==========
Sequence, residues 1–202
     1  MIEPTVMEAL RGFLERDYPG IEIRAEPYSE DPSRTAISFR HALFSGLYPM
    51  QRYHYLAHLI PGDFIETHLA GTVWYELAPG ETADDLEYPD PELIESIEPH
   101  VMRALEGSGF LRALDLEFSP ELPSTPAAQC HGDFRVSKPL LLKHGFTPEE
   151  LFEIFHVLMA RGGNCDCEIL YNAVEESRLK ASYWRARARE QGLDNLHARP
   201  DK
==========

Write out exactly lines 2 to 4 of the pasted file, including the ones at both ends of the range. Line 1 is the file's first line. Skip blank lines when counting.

     1  MIEPTVMEAL RGFLERDYPG IEIRAEPYSE DPSRTAISFR HALFSGLYPM
    51  QRYHYLAHLI PGDFIETHLA GTVWYELAPG ETADDLEYPD PELIESIEPH
   101  VMRALEGSGF LRALDLEFSP ELPSTPAAQC HGDFRVSKPL LLKHGFTPEE